President Biden said Wednesday that Vice President Kamala Harris “speaks for me” as he appointed her to lead a diplomatic effort to slow the migrant surge at the US-Mexico border.
“I think the best thing to do is put someone who, when he or she speaks, they don’t have to wonder about, ‘Is that where the president is?’ When she speaks, she speaks for me, doesn’t have to check with me. She knows what she’s doing,” Biden said at a White House event.
Biden, 78, this month accidentally referred to Harris as “President Harris” — repeating a gaffe he made once before.
Former President Donald Trump last week claimed “there’s something going on” with Biden and that “you wonder whether or not all of the things that he’s signing, whether or not he understands what he’s signing.”
Biden said Wednesday that Harris will be in charge of negotiating with Mexico and Central American countries to stem the flow of illegal migration and to have them accept people who are being deported.
“The surge we’re dealing with now started at the end of the last administration, but it is our responsibility to deal with it humanely and to stop what’s happening,” Biden said.
“And so this increase has been consequential, but the vice president has agreed — among multiple other things I’ve had her leading, and I appreciate it — agreed to lead our diplomatic effort and work with those countries to accept the returnees and enhance migration enforcement at their borders — at their borders. We’re already talking with Mexico about that.”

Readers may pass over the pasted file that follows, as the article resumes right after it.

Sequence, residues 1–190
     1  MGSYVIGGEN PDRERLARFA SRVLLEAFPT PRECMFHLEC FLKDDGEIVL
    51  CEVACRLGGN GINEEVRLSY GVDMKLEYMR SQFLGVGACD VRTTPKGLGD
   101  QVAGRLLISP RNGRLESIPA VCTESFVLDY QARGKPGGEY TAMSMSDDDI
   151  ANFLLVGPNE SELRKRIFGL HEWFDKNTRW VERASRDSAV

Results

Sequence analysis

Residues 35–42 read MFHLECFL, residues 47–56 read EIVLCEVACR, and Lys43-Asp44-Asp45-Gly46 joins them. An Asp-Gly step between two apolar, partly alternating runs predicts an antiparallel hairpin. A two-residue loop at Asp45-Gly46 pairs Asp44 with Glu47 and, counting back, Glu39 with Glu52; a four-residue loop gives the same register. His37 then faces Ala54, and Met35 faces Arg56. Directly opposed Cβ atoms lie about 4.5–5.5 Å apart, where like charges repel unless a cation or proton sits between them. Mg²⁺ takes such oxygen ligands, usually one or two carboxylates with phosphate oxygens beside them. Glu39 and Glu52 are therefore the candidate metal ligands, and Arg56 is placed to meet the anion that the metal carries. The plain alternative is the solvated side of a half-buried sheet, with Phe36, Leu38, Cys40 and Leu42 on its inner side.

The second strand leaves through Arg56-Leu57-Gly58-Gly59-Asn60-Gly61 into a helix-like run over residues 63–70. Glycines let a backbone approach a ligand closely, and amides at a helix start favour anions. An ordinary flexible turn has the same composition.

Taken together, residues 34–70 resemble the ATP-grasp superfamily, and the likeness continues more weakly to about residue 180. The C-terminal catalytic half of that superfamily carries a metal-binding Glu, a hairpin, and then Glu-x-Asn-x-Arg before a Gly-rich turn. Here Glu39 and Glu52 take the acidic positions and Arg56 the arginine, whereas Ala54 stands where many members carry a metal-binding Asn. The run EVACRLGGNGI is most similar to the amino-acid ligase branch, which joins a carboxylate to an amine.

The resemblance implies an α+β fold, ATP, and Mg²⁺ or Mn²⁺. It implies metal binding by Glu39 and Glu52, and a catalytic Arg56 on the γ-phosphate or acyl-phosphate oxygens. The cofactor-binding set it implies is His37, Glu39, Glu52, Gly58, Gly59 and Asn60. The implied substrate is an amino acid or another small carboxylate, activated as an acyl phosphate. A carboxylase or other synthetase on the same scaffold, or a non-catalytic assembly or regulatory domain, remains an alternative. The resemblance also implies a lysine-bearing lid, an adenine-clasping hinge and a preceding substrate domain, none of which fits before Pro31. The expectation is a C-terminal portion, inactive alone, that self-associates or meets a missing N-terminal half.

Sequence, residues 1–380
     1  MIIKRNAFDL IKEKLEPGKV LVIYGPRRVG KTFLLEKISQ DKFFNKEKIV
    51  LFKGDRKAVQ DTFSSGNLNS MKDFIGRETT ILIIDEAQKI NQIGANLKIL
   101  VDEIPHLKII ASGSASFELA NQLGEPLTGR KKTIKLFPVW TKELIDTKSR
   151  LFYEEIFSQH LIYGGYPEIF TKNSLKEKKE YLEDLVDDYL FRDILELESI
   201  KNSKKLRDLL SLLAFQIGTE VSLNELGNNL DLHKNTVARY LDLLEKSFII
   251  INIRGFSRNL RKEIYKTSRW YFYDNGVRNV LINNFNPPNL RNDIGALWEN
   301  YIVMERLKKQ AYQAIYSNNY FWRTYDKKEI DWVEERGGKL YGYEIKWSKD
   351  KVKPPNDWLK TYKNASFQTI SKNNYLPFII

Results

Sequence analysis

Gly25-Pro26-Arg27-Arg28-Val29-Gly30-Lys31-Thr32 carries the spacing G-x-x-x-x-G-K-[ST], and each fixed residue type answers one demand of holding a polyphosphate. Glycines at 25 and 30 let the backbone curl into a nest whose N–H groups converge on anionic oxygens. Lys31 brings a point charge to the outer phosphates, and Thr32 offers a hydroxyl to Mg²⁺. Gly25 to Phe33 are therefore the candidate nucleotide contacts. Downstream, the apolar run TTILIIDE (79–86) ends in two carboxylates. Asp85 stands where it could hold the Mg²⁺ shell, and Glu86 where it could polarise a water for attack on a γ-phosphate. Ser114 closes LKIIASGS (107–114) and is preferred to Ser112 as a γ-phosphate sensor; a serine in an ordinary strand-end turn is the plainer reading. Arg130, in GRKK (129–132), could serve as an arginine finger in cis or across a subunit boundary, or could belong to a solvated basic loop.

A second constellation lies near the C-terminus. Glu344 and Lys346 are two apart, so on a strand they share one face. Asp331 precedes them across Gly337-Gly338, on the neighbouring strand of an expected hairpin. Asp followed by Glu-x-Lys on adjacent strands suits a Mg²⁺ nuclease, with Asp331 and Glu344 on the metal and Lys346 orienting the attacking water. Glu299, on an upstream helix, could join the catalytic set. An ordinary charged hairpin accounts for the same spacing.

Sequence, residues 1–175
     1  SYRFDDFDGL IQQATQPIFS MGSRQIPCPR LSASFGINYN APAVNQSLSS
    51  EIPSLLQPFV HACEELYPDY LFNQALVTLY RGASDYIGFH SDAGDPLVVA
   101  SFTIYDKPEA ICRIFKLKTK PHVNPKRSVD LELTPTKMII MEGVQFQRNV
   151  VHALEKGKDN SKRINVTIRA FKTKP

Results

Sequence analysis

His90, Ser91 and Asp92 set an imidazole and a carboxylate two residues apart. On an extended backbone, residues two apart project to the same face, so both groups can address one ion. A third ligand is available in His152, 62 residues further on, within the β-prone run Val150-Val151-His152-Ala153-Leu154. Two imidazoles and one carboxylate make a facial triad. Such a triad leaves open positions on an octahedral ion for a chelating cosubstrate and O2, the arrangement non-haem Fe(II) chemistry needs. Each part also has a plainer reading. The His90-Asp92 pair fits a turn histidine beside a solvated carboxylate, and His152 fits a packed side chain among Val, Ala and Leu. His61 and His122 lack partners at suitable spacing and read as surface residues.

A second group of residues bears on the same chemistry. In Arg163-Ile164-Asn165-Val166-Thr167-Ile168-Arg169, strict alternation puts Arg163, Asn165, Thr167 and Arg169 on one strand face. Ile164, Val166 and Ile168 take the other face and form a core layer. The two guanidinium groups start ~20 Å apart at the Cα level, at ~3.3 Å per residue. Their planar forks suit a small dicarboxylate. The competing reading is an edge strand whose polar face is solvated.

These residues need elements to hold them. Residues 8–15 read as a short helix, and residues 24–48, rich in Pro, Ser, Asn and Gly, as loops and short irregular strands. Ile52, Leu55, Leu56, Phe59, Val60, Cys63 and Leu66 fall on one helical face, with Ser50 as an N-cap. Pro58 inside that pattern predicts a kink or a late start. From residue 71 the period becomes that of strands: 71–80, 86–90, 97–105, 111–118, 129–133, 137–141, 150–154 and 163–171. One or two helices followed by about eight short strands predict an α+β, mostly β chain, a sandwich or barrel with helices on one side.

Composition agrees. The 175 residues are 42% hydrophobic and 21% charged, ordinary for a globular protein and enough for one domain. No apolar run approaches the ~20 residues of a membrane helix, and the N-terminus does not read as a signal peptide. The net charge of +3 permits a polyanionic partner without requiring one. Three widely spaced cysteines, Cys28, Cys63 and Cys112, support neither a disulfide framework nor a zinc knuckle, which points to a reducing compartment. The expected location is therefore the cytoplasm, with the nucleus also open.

The crisis is one of the first to impact Biden’s presidency. Critics blame Biden’s border policies and proposed immigration immigration legislation.
Border officials apprehended more than 100,000 people along the US-Mexico border in February, a 28 percent jump from January. And the number is expected to rise further in March.
The Biden administration has allowed all unaccompanied children who illegally cross the US-Mexico border to stay at least temporarily in the country, but claims to expel single adults and some families under a Trump-era COVID-19 policy.
An average of just 13 percent of nearly 13,000 members of families who tried to cross the border illegally were turned back to Mexico last week, according to a report by Axios.
Last month, Biden terminated Trump’s “Remain in Mexico” policy that required Central American asylum seekers to stay in Mexico while US courts reviewed their claims.
Biden halted construction of his predecessor’s Mexico border wall and issued an order affirming the 2012 Deferred Action for Childhood Arrivals program, which gives work permits and protection from deportation to people brought illegally to the US as minors.
On Thursday, the House of Representatives passed bills that would create a path to citizenship for up to half of the estimated illegal immigrants in the US, including farmworkers and children who arrived as minors. Many Republicans said the bills create new “pull” factors for migration.